Gigabyte’s brick-shaped Steam Machine is conveniently called the Brix Pro but it certainly isn’t a brick. The little box will have an Intel i7 4770K, 16 GB of RAM and a 1 TB hard drive. What’s definitely notable is that this is the only one of the current crop of Steam Machines with integrated graphics. According to the official literature, the Brix Pro will have Intel Iris Pro 5200 graphics. Whether this is a benefit or detriment to Gigabyte’s challenger remains to be seen. Intel integrated graphics have come a long way since my first laptop almost ten years ago but I’m still prefer a real piece of hardware myself.



iBuyPower is also going to offer customizable Steam Machines to customers. The base offering is priced at $499 though iBP isn’t specific about what that particular machine will contain. They are offering a choice of Intel and AMD processors to go with AMD GPUs, 8 GB of RAM and storage space starting at 500 GB.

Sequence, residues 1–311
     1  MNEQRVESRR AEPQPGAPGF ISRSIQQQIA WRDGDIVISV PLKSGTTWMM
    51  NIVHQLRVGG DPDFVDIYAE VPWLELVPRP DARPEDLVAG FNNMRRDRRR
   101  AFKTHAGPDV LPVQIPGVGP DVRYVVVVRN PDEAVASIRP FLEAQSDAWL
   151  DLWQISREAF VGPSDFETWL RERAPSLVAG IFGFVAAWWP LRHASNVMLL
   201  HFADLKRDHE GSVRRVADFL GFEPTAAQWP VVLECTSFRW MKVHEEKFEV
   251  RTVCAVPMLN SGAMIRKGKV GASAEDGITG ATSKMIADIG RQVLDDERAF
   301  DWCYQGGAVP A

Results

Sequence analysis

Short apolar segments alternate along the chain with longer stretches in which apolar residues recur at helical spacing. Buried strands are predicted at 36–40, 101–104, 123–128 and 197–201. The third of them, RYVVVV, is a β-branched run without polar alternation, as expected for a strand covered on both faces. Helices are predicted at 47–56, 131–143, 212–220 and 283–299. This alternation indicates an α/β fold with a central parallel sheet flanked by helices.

Materiel has another subwoofer for a Steam Machine. It’s just a little bit down in specs and price from Alternate’s box-shaped console. This has an i5 4440 and 8 GB of RAM rather than Alternate’s 4570 and 16 GB of RAM. Both have a GTX 760 GPU and 1 TB solid state hybrid hard drive. And while the Alternate is $1,339, the Materiel is $1,098. The question then become whether the extra processing power and RAM is worth the extra $240.



Next’s Spa Steam Machine (punny name) comes close in spec to the other two box-shaped machines unveiled this week. It’s almost identical to’s Steam Machine with an i5, 8 GB of RAM an NVIDIA 760 graphics card and 1 TB of storage. Where it stacks up in the i5 range and in terms of price hasn’t been disclosed yet.

Origin PC